The future cluster Smart Materials and Electronics for Life (smart4life) brings together the research and industry partners of the Dresden innovation region and enables disruptive developments at the interface between electronics and medicine.

[Translate to English:] Logo Smart4Life
J. Krzywinski


The aim of the project is to develop a biodegradable thin-film sensor system for the simultaneous detection of expansion, moisture and temperature for use in timber construction. The sensor technology intended for permanent monitoring should increase the acceptance and spread of timber construction and not hinder the circular reuse of wood. By using organic electronic components, the project is setting an important course towards the development of sustainable electronic sensor technologies with a better carbon footprint than conventional technologies on the market. In addition, all the required materials can be procured in Europe, thus avoiding critical countries of origin and raw materials (e.g. rare earths).

Finished Projects

In cooperation with the Fraunhofer Institute for Machine Tools and Forming Technology IWU, HTW Dresden has developed biodegradable functional materials with electrical properties that can replace technology metals such as copper, silver and aluminium in mechatronic components in the future. Combined with biodegradable structural materials, sustainable disposable products are created that no longer need to be recycled, but can be composted and integrated into natural material cycles in line with a biological zero-waste concept (e.g. packaging with RFID tags) or dissolve on the object of use (e.g. washable RFID tags on clothing). Through targeted material customisation, these products are stable over the long term under operating conditions and can also be recycled at the end of the product's life. Under suitable conditions (e.g. moisture, heat, microorganisms), however, they biodegrade completely, so that composting is possible and uncontrolled release into the environment is not critical.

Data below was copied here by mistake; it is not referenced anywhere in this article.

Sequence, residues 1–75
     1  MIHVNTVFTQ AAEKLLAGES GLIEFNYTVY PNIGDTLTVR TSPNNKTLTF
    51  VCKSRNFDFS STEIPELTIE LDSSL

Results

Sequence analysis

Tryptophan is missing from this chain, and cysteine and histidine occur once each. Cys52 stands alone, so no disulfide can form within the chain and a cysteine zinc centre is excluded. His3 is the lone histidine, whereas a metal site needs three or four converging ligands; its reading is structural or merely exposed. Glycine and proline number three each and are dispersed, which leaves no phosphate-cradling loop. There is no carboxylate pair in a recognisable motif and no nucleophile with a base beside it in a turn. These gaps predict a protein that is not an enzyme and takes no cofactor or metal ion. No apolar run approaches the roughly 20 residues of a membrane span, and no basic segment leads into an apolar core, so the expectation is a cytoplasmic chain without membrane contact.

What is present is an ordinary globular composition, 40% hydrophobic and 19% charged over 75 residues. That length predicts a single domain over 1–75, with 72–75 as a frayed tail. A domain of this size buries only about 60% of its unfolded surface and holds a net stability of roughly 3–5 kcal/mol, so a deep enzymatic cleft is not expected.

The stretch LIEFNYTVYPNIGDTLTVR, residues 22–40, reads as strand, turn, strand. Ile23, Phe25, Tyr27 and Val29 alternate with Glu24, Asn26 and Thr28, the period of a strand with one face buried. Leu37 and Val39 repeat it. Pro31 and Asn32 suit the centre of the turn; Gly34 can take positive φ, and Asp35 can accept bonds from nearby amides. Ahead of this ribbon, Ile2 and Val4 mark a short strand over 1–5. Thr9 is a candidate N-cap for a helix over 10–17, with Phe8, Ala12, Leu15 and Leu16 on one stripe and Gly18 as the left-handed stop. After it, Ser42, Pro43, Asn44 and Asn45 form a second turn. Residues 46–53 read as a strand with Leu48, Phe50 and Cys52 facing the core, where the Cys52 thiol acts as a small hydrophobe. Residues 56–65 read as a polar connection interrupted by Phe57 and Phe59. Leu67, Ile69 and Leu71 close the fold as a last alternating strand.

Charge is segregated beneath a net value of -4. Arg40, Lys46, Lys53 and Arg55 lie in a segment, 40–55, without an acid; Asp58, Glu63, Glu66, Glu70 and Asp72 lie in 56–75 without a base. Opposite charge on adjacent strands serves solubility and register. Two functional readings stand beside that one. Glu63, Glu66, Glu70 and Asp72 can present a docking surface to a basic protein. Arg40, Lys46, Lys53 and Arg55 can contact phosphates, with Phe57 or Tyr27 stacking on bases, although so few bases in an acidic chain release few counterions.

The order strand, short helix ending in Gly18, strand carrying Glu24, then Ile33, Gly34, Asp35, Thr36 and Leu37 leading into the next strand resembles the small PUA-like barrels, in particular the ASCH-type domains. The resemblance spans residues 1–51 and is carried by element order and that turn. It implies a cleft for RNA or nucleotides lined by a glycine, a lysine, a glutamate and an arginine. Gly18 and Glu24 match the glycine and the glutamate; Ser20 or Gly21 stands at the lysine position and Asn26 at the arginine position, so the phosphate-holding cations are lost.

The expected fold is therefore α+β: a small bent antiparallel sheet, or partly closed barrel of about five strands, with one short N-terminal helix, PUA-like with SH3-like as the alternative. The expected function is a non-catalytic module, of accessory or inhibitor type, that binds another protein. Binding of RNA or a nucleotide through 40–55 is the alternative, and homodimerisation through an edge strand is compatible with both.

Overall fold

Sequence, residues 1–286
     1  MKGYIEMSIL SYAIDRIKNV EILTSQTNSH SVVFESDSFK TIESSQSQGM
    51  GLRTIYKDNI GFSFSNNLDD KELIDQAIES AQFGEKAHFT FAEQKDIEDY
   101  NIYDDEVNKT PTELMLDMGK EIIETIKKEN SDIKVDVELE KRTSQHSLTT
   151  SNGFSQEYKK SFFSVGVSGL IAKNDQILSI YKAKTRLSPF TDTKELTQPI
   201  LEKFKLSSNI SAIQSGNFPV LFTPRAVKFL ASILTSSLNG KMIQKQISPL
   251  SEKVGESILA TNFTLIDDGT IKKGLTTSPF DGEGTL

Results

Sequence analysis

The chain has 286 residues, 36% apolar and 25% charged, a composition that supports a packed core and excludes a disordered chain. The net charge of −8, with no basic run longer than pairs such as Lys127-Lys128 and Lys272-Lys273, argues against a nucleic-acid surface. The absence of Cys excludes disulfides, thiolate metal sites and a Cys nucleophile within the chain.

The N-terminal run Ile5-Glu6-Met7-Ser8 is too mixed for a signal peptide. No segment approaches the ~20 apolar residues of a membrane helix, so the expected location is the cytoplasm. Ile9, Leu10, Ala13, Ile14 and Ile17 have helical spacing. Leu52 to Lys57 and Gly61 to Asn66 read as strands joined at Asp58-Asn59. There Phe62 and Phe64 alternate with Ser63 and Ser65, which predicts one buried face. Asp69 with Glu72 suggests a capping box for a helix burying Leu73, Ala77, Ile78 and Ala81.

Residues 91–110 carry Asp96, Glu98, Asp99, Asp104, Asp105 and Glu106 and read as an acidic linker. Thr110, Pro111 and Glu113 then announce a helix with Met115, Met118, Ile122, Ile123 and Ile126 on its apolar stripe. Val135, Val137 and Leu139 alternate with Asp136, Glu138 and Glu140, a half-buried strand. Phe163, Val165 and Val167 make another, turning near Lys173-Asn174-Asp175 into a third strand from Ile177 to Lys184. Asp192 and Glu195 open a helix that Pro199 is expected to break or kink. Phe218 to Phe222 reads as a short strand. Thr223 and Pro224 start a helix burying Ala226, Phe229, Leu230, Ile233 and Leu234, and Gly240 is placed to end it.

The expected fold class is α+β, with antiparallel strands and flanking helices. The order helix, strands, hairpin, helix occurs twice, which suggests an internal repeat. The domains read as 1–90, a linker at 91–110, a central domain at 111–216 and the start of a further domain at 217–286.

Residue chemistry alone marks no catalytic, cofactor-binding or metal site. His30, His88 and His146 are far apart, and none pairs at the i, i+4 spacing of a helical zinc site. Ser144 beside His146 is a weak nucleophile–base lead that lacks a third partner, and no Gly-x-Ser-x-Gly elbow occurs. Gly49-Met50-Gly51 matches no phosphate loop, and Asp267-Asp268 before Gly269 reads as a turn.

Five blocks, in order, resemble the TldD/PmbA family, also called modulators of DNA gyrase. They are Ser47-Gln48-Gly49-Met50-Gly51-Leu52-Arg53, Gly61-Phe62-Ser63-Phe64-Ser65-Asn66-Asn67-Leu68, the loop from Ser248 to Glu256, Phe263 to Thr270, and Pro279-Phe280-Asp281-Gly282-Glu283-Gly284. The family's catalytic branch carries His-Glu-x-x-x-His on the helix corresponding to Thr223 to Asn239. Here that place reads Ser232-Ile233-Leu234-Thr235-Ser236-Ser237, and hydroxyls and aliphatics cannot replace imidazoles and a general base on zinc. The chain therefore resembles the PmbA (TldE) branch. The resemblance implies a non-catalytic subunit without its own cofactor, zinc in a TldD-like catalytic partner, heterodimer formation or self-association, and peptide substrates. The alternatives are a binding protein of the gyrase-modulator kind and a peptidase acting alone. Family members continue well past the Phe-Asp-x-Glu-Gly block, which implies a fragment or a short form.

While previous work has been carried out exclusively on a laboratory scale, the future transfer into practice requires the adaptation of materials and processes from a manufacturing point of view.


In the period from 2017 to 2020, the bioESens project qualified graduates of engineering degree programmes in an interdisciplinary group of young researchers for the use, design, development and recycling of products made from bio-based plastics for applications as humidity and piezo sensors. Novel solutions were developed for the use of bio-based plastics in the application field of sensor components, covering the entire value chain from biomaterials, their material modification and processing, application in sensor technologies and functions through to questions of production technology, application testing, durability and environmental compatibility.